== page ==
• (Woozle) My hypothesis has been validated, given the evidence I have absorbed so far. If you can suggest where I might find evidence that might invalidate it, please feel free to offer it.
            • (Noel) your hypothesis was "Praxeology is basically the idea that we can make conclusions about economics without testing them in the real world". Praxeology is separate from economics so, no, your hypothesis wasn't validated.
              • (Woozle) Praxeology is an extension of economics into the field of human psychology (with regard to purposeful action). Hypothesis stands.
                • (Noel) Praxeology started out in economics and became its own study. It's also separate from psychology -- one of the early videos goes over the differences (ie psychology tries to explain the 'why' of the action whereas praxeology just accepts the action as-is). Hypothesis invalidated.
                  • (Woozle) If praxeology isn't about economics, then why do you keep raising it in contexts having to do with economics? If it started out in economics, how is it no longer about economics?
                    • (Noel) praxeology is about human action. Human action is important to economics, but it's important in other areas as well.
  • (David Whitlock) the problem is that the regulations suffer from inconsistent enforcement.
    • (David Whitlock) When synthetic fertilizer was added to "organic" fertilizer and sold (and used) as "organic" fertilizer, yes the person who committed the fraud was fined and went to jail, but the land that had the synthetic fertilizer put on it was still considered "organic", and didn't need the usual multi-year waiting period before it could be used for "organic" production.
      • (Noel) there are a few organic labels. Did all of them continue to label produce from that farm as 'organic'? Can you point me to an article about that incident?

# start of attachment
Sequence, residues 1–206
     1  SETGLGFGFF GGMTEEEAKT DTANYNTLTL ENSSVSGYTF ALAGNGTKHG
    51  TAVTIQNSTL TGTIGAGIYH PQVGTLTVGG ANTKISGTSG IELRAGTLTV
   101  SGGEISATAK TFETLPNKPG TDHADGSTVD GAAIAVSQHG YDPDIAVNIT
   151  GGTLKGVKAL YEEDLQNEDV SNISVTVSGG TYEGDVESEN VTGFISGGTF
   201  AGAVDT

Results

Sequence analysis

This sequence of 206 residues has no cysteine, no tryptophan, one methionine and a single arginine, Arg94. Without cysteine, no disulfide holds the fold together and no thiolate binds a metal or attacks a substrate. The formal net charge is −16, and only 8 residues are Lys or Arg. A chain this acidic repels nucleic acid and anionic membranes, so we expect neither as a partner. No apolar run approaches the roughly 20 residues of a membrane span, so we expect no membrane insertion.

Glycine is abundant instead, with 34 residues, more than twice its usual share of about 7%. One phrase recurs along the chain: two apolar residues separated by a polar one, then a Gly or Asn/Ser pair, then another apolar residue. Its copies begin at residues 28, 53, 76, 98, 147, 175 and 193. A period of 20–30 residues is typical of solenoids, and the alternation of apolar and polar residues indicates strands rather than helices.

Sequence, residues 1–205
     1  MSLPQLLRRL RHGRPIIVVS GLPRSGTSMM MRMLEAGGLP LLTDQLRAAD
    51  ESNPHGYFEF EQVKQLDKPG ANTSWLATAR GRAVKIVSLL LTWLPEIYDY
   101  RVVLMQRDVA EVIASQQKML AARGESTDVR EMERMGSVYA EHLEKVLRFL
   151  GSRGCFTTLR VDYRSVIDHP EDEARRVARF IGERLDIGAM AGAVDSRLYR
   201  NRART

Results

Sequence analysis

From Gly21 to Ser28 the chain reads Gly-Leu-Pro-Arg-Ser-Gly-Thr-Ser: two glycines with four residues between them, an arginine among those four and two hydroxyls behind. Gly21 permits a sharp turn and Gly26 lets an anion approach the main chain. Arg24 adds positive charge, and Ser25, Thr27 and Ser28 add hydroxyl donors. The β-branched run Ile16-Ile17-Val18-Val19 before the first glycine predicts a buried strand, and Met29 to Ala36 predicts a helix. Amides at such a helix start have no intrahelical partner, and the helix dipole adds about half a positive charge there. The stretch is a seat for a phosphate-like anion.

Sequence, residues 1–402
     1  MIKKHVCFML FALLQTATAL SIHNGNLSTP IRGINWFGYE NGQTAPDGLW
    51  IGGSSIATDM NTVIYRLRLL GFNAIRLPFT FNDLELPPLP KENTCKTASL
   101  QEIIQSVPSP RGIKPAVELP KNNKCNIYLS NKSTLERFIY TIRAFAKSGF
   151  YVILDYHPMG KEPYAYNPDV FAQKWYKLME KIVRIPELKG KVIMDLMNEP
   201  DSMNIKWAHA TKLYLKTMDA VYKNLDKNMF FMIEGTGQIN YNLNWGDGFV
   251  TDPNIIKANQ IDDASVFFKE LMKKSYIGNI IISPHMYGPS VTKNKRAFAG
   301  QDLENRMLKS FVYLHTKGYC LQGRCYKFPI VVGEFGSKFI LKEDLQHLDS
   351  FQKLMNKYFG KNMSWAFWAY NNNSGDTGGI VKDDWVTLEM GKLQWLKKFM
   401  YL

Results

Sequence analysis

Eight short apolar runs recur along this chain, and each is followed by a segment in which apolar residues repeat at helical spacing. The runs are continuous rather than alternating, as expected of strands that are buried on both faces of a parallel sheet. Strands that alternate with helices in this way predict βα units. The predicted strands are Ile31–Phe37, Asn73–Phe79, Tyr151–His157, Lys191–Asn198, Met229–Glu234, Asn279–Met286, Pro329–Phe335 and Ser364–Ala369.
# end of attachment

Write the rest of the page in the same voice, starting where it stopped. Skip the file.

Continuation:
• (David Whitlock) it is mentioned here.
          • (Noel) thanks for the article. It mentions only the USDA Organic label but not other organic labels. IIRC, USDA Organic is one of the least trustworthy Organic labels.
          • (Noel) FWIW, I think those farmers swindled by the fraudster ought to go through the three year conversion process again. Perhaps better, though, would be information indicating how long the land of an organic farmer has been using organic fertilizers, etc.
            • (Woozle) I agree with this. Maybe something like a QR code [W] with a unique product identifier, which the shopper could then use to look up the information on their choice of reference sites.
  • (Noel) I'm not anti-GMO, but I do prefer buying organic. I would prefer if 'organic' and 'GMO' were treated separately rather than 'organic' implying non-GMO.
    • (Woozle) I'm fine with "organic" and "GMO" being separate, as long as both labels actually mean something -- with transparency and consumer input into what that is.
      • (Woozle) "Organic" has largely fallen. It should have been "sustainable" in the first place, instead of "organic", anyway.
        • (Noel) 'sustainable' and 'organic' are two different things. I wouldn't mind another label for 'sustainable'.
          • (Woozle) "Organic" is only a good thing because it is more sustainable than the conventional methodologies; otherwise I wouldn't give a fig about it.
            • (Noel) different people want different things. This is the same with organic. For me, it has nothing to do with sustainability [...] I prefer organic due to the quality of the food and the health I think it brings to me; the taste of the food is better, too.
              • (Noel) I might even say that organic is less sustainable than modern agriculture considering the output.
                • (Woozle) Organic yields are as high or higher than conventional agriculture, over the long run.
                  • (Noel) Can you point to evidence supporting this especially evidence supporting the hypothesis that we can feed the current population on organic food?
                    • (Woozle) The evidence I've seen is that conventional leads to long-term degradation of the soil (which is bad if the population is dense enough that you need every spare acre to grow food) and doesn't reliably produce higher yields -- though in some circumstances it may be necessary as a transitional measure, largely for economic reasons:
                    • (Noel) Or do you mean that sustainability includes a decreased population?
                      • (Woozle) It does, but that point neither supports nor contradicts my argument.
              • (Woozle) Health is a sustainability factor, as is taste.
        • (Noel) it has just come to my attention that the label was diluted due to the USDA and the influence lobbyists have over it.
          • (Woozle) Indeed.
  • (Noel) Is it rational for you to continue asking me questions that are already answered in the videos or questions that are senseless if one had a better understanding of praxeology??